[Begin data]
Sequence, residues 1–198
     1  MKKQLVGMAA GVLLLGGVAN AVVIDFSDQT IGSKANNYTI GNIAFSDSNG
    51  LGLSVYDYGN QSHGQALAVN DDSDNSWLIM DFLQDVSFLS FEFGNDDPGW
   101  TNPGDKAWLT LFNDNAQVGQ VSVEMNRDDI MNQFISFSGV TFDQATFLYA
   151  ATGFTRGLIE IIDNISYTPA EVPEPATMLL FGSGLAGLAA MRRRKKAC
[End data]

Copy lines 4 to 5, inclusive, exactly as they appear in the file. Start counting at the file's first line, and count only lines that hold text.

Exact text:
   101  TNPGDKAWLT LFNDNAQVGQ VSVEMNRDDI MNQFISFSGV TFDQATFLYA
   151  ATGFTRGLIE IIDNISYTPA EVPEPATMLL FGSGLAGLAA MRRRKKAC